470 Stephens Hall
Hanna Rose Shell
Associate Professor, Program in Science, Technology, and Society, Massachusetts Institute of Technology
This talk proposes a history and theory of the drive to hide in plain sight. Camouflage developed in counterpoint to technological advances in photography, innovations in warfare, and as-yet-unsolved mysteries of biological evolution; its origins date to the turn of the last century. Today, camouflage is commonly thought of as a specific textile pattern of interlocking greens and browns, or alternatively its twenty-first century pixelated “digital” update. But it is in fact much more — a set of institutional structures, mixed-media art practices, and permutations of subjectivity, that evolved over the course of the late-nineteenth and twentieth centuries in natural, aesthetic, and military environments increasingly mediated by photographic and cinematic intervention.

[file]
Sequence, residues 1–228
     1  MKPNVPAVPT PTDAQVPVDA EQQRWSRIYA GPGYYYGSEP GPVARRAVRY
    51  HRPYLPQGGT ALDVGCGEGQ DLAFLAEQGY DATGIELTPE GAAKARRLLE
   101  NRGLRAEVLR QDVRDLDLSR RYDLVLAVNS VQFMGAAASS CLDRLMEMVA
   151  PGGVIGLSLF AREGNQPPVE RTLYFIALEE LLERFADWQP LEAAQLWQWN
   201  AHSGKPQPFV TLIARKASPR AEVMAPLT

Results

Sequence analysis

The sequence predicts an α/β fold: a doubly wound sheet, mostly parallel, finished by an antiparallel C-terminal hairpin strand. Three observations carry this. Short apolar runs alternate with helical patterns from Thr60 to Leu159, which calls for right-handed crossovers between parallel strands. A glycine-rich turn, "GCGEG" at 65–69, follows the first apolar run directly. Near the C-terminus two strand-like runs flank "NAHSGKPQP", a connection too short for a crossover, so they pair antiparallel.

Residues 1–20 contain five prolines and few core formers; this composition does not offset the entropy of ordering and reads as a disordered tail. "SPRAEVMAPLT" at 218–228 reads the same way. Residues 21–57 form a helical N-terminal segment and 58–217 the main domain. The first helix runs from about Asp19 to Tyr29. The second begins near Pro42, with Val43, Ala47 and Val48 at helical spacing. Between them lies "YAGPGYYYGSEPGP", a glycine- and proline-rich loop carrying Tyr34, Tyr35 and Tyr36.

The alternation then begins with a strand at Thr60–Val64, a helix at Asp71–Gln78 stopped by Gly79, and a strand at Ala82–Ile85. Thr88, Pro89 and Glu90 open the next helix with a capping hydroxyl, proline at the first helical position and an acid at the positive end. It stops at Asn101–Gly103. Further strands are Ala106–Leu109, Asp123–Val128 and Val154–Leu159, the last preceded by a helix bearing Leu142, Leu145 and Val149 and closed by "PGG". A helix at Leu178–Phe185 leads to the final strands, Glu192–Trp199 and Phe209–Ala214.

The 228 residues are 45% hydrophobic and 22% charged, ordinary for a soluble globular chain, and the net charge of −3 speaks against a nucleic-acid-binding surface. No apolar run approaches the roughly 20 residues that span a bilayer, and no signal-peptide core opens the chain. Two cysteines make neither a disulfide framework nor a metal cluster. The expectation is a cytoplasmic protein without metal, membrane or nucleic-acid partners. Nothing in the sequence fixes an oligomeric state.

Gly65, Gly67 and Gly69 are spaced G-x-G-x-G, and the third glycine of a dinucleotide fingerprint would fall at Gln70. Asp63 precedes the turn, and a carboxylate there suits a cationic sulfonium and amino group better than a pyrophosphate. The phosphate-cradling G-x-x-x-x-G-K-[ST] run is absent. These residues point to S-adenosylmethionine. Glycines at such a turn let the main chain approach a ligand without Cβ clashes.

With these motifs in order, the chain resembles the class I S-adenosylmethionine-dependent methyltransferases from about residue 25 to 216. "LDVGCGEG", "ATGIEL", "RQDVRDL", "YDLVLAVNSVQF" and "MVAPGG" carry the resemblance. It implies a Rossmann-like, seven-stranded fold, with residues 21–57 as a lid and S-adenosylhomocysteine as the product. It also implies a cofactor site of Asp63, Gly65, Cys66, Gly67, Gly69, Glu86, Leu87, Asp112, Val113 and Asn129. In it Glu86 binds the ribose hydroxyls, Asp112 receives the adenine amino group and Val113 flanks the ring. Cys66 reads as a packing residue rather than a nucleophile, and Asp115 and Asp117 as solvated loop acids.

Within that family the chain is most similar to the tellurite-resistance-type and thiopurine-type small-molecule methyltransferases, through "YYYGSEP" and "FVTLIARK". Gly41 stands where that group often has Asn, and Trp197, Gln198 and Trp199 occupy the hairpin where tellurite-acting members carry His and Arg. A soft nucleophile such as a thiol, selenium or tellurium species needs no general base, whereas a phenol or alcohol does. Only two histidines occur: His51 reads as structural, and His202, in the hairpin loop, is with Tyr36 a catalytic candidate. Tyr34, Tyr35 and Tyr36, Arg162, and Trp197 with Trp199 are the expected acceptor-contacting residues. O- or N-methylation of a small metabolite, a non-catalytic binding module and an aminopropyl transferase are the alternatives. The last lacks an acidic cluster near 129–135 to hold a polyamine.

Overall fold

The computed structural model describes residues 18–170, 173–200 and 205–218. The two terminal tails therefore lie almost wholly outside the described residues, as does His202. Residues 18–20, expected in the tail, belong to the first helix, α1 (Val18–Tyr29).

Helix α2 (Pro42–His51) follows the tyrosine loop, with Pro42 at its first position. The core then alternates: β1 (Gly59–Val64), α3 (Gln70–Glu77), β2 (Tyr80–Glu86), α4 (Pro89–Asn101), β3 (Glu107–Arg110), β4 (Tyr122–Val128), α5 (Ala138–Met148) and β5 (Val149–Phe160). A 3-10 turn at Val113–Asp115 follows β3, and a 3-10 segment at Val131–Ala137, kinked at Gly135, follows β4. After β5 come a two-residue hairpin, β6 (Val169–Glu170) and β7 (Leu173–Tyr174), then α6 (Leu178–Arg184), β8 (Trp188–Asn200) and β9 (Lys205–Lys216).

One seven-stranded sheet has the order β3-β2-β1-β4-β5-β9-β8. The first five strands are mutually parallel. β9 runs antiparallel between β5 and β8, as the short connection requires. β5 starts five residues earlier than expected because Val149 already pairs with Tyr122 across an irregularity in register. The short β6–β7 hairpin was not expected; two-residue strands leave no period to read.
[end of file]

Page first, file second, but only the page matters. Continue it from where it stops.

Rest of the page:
Additional sponsorship comes from: Berkeley Center for New Media